Consultation with citizens is main prerequisite for practicing a participatory and transparent good governance. It is based on the idea of citizens improving their own life by means of own ideas and participation and the administration developing accountable local governance that can be trusted.
Basic forms of consultation with citizens are elaborated in legal documents adopted in the country at both national and local level. Yet, there is no restriction on the methods that local governments can use to solicit citizens input for all issues within their competences. This analysis is an attempt to provide insight into current status of practices utilized by local governments in the country in general.
The analysis looks at the extent and different dimensions of the mechanism for citizen participation focusing primarily on local government representatives’ and citizens’ perceptions on the issue as well on their experiences and what strategies they have at their disposal to deal with the process of consultations. It also look at the effects of these tools.
The findings are based on the results from 412 interviews with citizens from different regions of the country, 32 structured interviews with relevant stakeholders (Mayors and municipal Councilors) from all 8 regions in Macedonia and 8 regional focus groups (CSOs, journalists, businesses, etc.) with 105 participants.
The analysis shows that there is a general perception among the citizens that the local governments are making efforts to consult citizens. This effort is stronger and more effective when it comes to informing the public about the work of the municipality. In that regard municipalities use all means available to them to spread information about the (usually positive aspects of the) work of the Mayors and most citizens have a general picture of what their local government is doing.
When it comes to including citizens as equal partners in decision-making process the situation is somewhat challenging. Both citizens and local governments have at their disposal tools and mechanisms laid out in the legal documents yet they refrain from using them. Again both sides see these mechanisms difficult to utilize due to the legally binding procedures which they need to include. As a consequence, citizens rarely initiate them while local governments use them selectively and devoid of their legally binding features meaning that they use them in a simplified and adapted mode. Thus referendum, civil initiative and citizens gathering are almost never used as tools for consultation in the prescribed format.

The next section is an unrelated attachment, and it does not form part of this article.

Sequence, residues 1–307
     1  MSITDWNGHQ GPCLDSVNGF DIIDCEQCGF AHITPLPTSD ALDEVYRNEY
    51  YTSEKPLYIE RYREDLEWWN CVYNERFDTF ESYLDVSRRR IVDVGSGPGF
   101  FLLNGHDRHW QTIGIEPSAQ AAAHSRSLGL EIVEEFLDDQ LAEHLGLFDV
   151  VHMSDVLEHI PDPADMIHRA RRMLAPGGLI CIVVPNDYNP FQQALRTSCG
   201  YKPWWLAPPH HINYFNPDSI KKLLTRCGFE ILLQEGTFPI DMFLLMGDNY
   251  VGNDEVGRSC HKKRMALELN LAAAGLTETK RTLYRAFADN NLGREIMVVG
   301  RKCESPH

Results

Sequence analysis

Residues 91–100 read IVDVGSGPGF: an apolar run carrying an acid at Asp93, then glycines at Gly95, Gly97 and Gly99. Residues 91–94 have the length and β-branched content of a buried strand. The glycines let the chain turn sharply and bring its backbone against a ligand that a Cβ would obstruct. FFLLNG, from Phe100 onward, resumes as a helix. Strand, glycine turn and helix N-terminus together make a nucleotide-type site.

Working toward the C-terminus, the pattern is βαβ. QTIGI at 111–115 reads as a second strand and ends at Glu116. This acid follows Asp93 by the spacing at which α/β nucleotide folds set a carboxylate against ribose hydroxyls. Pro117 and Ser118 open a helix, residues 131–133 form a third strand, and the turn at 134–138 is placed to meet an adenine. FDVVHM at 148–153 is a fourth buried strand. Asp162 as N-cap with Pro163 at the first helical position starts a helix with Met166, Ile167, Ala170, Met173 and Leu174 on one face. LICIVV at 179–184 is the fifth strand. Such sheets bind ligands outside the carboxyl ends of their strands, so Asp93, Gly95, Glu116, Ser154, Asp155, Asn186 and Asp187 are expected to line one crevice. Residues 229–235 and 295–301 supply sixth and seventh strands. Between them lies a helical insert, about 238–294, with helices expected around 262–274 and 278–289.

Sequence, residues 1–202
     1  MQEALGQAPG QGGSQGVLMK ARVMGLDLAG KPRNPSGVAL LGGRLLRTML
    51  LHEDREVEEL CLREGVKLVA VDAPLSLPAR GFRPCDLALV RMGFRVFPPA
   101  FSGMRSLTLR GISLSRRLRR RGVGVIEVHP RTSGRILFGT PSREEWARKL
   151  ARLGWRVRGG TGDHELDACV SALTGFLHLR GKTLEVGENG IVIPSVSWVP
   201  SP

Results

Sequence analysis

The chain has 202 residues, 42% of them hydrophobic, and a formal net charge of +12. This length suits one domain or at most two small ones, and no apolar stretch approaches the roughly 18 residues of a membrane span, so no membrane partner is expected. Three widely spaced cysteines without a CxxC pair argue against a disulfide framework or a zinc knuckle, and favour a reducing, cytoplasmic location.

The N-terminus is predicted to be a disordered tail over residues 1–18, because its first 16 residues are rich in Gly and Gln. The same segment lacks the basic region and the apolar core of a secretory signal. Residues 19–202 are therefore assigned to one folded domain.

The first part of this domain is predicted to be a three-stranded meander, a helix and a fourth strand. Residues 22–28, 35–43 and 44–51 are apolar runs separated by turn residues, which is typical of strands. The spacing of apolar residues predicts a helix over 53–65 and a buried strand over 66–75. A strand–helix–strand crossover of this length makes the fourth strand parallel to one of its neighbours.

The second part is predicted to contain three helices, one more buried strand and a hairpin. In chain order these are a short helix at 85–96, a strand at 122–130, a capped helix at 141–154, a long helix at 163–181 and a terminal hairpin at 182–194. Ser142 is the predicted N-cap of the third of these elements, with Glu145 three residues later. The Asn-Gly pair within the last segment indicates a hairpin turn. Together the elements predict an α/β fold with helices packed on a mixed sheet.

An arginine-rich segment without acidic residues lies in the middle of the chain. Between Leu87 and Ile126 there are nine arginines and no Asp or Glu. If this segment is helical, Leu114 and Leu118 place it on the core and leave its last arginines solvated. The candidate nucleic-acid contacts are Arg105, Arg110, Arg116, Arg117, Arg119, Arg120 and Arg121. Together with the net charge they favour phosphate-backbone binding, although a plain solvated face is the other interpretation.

Citizens mostly prefer direct contact with decision-makers. Local government representatives also acknowledge this approach and see it as most useful and hence public gatherings, usually within neighborhood units, are by far the most frequent forms of consultation with citizens as well as direct meetings with local authorities at open days or public hearings. In addition to the legally offered tools and mechanisms both citizens and local government utilize other forms of consultation such as community forums, social media (Facebook, Twitter) and websites (forums) usually initiated by donors and CSOs.
The budget, the development of urban plans as well as capital investments are the topics which citizens are most interested to know about as well as communal issues and local infrastructure. Local government representatives acknowledge this yet very often their consultation with citizens on these topics is superficial and serving as alibi for authorities that they are performing and achieving results. CSOs feel that local authorities mostly involve citizens in cases where they have direct benefit such as applying for donor funding or capitalizing on CSO expertise when developing various thematic strategies (for LED, environment, gender equality etc.)
Citizens on the other hand show a very low level of participation. Majority of citizens have not approached their local government for any issues of their concern as was pointed out by both the poll results and by the Mayors and Councilors. This can be directly linked to the effects of the participation and decision to take action. It is worrisome that pressure from citizens groups and CSOs very rarely yields results which are favored by citizens. It happens frequently that the results are completely opposite of what has been agreed by citizens and decision-makers. This in turns demotivates people to be active and to initiate change.
Mayors and CSOs consider the legally offered tools and mechanisms for consulting citizens as not sufficiently adapted to reality, such as conditions for organizing referendum for example, and appeal for overcoming weaknesses and loopholes in the system.
Due to the fact that citizen participation is multifaceted, the approach in dealing with this complex issue requires a variety of actions. This includes refining existing legislation, defining additional tools, educating citizens on their rights and available tools as well as motivating their use.
The analysis provides a set of recommendations for different stakeholders in order to deal with the issue of citizen participation at municipal level.